Missouri bucks national trend, adds 46,000 union members – a 15-year high



UNION MEMBERS organizing for a canvassing effort to defeat Prop A (“right-to-work”) in August of 2018. The massive campaign to defeat the anti-worker law may have played a role in Missouri’s growing union membership. – Labor Tribune photo

“Right-to-work,” minimum wage and the 1% not knowing when to say enough is enough when it comes to squeezing workers is paying off in a surprising way for Missouri unions.

Union membership in the Show-Me state grew last year by 46,000, to 297,000, bucking a national downward trend. Union members now make up 11.1 percent of the state’s workforce, up from 9.4 percent in 2018.

In Illinois, union membership fell by 15,000 last year, reducing the unionization rate from 13.8 percent to 13.6 percent.

Union density nationwide was 10.3 percent last year according to an annual report by the Bureau of Labor Statistics (BLS). Based on a Current Population Survey sample of 60,000 households nationwide, BLS calculated the U.S. had 14.574 million union members last year, down 170,000 (0.2 percent) from 2018.

So what’s going on in Missouri? New construction, obviously, accounts for part of the growth, but local Labor leaders suggest the uptick also reflects the success of the 2018 campaign to defeat Prop A (“right-to-work”), the campaign to pass Proposition B raising the state’s minimum wage, and a backlash to overreach by the Republican-led Missouri Legislature, resulting in a renewed appreciation of unions and what they can do for working people.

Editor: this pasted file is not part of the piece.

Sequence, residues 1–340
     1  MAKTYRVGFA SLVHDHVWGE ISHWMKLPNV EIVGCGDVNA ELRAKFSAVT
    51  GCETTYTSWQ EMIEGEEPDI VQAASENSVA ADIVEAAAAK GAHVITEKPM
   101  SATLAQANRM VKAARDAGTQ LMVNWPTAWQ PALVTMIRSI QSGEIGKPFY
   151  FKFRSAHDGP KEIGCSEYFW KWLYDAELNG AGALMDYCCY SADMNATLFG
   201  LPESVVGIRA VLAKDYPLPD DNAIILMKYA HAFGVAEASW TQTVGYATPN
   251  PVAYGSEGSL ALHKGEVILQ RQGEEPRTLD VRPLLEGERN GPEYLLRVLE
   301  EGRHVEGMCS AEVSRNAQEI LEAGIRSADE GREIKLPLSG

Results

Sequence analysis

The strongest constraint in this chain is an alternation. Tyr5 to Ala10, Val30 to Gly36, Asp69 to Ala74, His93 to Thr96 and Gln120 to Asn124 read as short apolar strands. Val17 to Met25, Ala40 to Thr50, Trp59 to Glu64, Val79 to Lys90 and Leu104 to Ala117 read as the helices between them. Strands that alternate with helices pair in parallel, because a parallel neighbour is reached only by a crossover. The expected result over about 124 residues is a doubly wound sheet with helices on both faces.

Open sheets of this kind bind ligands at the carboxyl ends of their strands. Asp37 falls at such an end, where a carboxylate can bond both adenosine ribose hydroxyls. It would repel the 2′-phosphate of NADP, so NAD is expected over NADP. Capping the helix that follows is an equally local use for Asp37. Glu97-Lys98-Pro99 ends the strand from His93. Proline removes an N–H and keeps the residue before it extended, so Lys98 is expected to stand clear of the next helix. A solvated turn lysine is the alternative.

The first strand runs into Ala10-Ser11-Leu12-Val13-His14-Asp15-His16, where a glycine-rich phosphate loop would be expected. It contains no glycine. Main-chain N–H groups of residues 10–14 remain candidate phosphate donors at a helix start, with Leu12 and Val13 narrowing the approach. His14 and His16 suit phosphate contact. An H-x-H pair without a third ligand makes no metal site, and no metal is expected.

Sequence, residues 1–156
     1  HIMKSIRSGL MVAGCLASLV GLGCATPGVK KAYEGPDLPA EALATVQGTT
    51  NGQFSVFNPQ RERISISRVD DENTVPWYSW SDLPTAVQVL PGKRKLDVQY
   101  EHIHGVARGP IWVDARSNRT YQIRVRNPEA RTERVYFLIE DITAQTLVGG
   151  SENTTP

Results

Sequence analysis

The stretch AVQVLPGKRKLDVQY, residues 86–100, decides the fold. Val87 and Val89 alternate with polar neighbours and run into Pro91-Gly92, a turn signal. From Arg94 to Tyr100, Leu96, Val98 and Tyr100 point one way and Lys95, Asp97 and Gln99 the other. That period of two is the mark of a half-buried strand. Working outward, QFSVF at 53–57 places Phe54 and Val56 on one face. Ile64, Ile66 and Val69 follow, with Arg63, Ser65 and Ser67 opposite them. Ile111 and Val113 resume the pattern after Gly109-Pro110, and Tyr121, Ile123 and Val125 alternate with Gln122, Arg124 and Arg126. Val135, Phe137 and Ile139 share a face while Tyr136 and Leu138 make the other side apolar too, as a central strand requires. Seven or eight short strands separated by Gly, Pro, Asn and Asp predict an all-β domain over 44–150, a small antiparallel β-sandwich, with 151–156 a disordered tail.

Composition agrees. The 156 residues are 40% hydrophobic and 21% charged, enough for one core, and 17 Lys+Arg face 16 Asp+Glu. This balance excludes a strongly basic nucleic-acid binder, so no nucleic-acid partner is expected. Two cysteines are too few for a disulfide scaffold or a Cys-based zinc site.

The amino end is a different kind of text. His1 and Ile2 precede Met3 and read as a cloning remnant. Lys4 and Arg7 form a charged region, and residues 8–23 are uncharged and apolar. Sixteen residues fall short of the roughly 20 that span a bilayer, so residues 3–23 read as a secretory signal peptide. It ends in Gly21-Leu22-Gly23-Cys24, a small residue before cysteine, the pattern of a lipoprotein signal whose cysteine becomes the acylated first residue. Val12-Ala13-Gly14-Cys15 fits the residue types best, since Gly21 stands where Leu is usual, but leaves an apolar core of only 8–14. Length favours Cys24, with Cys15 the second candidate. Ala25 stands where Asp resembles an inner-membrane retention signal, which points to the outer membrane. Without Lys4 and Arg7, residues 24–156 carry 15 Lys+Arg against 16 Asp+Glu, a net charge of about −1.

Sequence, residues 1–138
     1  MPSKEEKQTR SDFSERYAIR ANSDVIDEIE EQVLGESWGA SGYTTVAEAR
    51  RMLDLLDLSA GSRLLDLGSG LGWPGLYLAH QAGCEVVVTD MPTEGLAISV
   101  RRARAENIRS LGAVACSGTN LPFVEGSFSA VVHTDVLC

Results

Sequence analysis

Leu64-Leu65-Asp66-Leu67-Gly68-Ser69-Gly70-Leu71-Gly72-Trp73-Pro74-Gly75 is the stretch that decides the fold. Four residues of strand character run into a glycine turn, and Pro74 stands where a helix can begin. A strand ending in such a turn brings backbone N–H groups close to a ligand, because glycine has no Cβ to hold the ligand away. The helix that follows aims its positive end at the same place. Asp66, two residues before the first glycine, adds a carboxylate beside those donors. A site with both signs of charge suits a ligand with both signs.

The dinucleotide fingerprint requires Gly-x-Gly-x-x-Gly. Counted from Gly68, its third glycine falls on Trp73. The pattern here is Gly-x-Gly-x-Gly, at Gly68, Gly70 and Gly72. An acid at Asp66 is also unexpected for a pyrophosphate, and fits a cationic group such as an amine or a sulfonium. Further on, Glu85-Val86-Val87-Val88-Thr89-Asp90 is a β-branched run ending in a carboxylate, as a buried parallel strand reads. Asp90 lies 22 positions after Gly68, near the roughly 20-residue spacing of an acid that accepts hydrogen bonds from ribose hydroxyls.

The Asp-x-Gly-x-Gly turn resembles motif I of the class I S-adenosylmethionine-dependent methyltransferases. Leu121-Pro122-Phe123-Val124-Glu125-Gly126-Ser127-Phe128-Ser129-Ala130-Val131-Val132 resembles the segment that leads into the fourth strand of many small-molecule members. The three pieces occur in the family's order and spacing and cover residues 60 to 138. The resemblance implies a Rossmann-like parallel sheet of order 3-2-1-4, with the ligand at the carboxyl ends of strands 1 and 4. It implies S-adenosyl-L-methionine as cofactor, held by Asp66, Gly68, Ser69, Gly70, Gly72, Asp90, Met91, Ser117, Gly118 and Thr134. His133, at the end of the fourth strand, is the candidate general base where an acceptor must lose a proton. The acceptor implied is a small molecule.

“With Prop A, people saw the work that we put into that, they saw our commercials and our members going door-to-door and talking up unions and a lot of people want to get on board with that,” said Pat White, president of the St. Louis Labor Council.

“When you have grocery clerks, plumbers, electricians and members of other trades going door-to-door and at their kids games talking about how good it is to be in a union, I think the message just clicked with a lot of people. What better way to get your union message out there than by talking with a happy union member?”

White also credits outreach to under-represented communities through the St. Louis Building Trades BUD (Building Union Diversity) program, which has added some 200 new members to the union workforce.

The BLS says the average union member earned $1,095 a week last year, compared with $892 for non-union workers.

Despite the slight downturn nationally, the AFL-CIO says the numbers belie the activism, success in community-backed strikes, and record numbers of union members recently elected to public office.

Successful teacher strikes, the successful GM strike by 50,000 United Auto Workers and the successful strike for better pay, health care and working conditions of 31,000 United Food and Commercial Workers against Stop ’n Shop supermarkets in New England all reflect a changing view of unions in the public consciousness.

The AFL-CIO is hoping for another win next month, when the U.S. House takes up the Protect the Right to Organize (PRO) Act – the most-comprehensive pro-worker Labor law reform legislation in decades.

(The Labor Tribune will have more detail on this story in the coming days.)



  1. A decent and fair wage for mo. Right to work is gone..But keep your guard up not right for Mo. Stay union make a living wage

  2. Just to clarify, Benjamin…you know that “right to work” is not a guarantee of you having a job but rather a means by which unions and workers get broken, Right? It’s a little confusing here.


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